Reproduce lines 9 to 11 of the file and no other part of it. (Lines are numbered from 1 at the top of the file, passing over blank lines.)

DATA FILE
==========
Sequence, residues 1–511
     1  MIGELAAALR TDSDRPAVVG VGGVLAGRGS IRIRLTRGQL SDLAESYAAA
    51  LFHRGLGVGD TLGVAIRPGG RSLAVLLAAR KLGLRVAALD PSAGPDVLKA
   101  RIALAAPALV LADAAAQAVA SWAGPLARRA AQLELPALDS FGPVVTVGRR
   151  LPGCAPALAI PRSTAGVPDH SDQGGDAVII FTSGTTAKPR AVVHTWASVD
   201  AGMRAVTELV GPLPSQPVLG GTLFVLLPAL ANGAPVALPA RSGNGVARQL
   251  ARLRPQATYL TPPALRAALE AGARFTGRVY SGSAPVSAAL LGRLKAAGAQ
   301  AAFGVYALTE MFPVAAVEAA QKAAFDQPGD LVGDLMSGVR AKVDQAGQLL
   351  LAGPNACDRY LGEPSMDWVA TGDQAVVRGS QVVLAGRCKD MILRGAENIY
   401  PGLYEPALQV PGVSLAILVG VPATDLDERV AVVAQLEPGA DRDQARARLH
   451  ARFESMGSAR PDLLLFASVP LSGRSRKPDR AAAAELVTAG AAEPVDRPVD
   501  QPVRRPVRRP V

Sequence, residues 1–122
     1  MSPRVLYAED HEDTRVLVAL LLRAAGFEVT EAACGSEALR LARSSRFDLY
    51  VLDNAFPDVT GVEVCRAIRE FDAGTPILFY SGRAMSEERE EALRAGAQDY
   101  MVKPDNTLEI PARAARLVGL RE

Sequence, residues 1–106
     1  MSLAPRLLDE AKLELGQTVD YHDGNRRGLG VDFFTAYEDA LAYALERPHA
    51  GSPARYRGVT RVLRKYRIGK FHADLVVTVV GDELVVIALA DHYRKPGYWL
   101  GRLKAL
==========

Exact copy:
   351  LAGPNACDRY LGEPSMDWVA TGDQAVVRGS QVVLAGRCKD MILRGAENIY
   401  PGLYEPALQV PGVSLAILVG VPATDLDERV AVVAQLEPGA DRDQARARLH
   451  ARFESMGSAR PDLLLFASVP LSGRSRKPDR AAAAELVTAG AAEPVDRPVD